So you can be part of the conspiracy without even knowing that you are part of the conspiracy.
Like I said, its the Xfiles meets Kafka.
posted by: Jos Bleau on 04.19.05 at 12:36 AM [permalink]
So does that mean I can start a "Constitution In Exile" movement? Or has Sunstein or Rosen trademarked the phrase?posted by: heh on 04.19.05 at 12:36 AM [permalink]
The situation becomes worse when the representatives of a particular social interest--perhaps because of the very unrealistic and unrealizable nature of its demands--are shut out of the political process." -- Hofstadter
Clearly, the lunacy of an idea is no bar to its acceptance in Washington. I'm surprised a "libertarian" like Dan would believe otherwise.
"or that the "jury is out" on evolution, as our President proclaims?"
If one is a Popperian, as most competent scientists are, the jury is always out on any scientific theory. Theories can never be fully proven, only disproven. This doesn't stop them from being useful models for scientific inquiry. It does stop them (theories in general, including the creation myth) from being taken as unquestionable dogma.posted by: Ged of Earthsea on 04.19.05 at 12:36 AM [permalink]
"'Restoring the Lost Constitution : The Presumption of Liberty'
This may be a distinction without a difference, but I'll attempt to elucidate the distinction, and you can decide for yourself if there is a difference.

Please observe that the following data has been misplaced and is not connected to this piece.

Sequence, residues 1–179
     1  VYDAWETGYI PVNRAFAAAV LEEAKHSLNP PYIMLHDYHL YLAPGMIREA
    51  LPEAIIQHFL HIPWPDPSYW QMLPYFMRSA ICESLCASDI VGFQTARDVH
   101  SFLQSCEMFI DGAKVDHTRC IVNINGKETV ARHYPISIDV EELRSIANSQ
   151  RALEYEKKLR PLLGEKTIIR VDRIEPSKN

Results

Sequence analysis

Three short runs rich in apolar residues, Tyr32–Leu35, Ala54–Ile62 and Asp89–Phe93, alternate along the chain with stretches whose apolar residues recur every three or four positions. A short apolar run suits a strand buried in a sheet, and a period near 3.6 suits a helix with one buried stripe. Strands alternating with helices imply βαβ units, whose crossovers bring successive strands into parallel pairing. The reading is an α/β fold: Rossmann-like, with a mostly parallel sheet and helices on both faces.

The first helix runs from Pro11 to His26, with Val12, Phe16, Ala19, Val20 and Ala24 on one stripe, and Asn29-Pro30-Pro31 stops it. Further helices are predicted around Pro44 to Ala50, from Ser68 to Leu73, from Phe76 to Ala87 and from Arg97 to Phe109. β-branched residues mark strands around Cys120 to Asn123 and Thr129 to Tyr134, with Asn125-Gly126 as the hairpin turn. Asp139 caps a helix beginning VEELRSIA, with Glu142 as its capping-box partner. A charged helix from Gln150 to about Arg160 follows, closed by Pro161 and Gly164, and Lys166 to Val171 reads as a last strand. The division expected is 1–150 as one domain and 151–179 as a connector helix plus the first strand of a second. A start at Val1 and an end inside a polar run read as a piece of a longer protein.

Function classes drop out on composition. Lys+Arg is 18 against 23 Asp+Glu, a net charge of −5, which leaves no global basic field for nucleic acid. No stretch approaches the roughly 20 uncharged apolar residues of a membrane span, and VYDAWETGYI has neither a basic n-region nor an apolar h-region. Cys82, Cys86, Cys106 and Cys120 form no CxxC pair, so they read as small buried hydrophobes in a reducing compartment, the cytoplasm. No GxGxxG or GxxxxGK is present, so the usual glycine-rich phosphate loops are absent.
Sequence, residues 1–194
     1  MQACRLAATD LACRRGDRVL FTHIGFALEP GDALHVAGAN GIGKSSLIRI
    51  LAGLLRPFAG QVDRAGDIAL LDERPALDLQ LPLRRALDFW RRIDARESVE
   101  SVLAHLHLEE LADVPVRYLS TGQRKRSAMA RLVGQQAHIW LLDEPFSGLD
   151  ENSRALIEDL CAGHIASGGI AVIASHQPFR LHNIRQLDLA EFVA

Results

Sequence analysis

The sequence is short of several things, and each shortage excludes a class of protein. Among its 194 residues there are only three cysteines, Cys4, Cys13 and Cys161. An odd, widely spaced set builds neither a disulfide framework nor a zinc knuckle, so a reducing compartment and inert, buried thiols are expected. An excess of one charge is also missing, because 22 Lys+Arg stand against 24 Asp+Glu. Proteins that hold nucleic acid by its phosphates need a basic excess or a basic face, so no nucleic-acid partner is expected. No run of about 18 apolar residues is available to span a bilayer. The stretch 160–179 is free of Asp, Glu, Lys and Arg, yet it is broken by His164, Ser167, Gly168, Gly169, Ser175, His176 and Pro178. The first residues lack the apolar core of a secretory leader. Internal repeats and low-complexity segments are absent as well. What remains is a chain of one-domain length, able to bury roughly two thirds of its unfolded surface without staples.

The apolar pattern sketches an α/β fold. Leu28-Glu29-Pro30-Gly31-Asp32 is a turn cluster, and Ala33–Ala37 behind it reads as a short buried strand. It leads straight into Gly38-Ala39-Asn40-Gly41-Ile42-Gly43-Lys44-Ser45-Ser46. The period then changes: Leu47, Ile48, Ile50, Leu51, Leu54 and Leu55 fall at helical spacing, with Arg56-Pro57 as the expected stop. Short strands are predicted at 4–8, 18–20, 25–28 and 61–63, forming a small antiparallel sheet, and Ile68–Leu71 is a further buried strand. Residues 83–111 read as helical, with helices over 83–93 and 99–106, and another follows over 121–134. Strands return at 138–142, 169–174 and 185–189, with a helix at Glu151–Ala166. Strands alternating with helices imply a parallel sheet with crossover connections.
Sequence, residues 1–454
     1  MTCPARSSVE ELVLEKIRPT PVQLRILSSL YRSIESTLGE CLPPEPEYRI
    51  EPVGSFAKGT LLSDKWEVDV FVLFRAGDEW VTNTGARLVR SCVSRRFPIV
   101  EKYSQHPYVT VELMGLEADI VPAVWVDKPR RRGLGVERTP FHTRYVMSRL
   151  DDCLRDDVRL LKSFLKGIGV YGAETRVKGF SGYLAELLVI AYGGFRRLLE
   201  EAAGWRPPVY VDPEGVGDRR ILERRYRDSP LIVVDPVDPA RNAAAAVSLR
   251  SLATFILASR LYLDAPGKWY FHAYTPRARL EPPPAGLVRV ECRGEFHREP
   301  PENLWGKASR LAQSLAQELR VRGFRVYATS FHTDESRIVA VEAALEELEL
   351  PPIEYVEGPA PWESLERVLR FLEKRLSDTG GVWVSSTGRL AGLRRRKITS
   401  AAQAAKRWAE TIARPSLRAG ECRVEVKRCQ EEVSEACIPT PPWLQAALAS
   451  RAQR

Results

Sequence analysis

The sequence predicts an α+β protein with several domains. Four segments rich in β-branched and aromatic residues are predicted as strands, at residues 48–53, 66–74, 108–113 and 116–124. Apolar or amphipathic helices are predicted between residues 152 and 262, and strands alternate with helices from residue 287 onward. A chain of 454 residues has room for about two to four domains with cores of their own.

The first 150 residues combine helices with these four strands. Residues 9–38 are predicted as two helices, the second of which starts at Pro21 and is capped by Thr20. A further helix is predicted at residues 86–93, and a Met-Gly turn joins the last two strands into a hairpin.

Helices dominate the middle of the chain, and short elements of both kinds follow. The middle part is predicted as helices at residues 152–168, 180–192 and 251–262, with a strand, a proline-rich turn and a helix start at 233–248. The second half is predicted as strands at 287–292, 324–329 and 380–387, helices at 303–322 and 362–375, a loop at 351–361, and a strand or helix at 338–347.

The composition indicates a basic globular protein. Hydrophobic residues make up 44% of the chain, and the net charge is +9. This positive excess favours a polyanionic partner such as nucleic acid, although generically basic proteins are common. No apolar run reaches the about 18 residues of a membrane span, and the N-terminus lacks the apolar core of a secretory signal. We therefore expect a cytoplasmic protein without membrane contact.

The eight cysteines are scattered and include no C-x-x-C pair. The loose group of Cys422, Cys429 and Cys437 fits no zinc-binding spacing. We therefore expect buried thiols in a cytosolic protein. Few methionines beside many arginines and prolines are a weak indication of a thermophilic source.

"Constitution in Exile" conjures up images of monarchical (and thus inherently reactionary) restoration. Going back whole cloth to exactly where we were, warts (and pre-FDR jurisprudence had plenty of those) and all.
"Restoring the Lost Consitution" could mean checking to see what babies were thrown out in the bathwater of the revolution and making an effort to save them. Babies like "the presuption of liberty". "Loss" implies worth, and so only those aspects which had worth need be recovered. No one speaks of the loss of the horse and buggy. The loss of civil liberties is another matter.posted by: Ged of Earthsea on 04.19.05 at 12:36 AM [permalink]
Can we cut to the substance?
Are there people in legal academia and the legal profession who would strike down federal welfare state laws that are politically popular as unconstitutional (under the Commerce Clause, or the Takings Clause or the Fourteenth Amendment) if they became federal judges?
Could Bush make some of these people federal judges?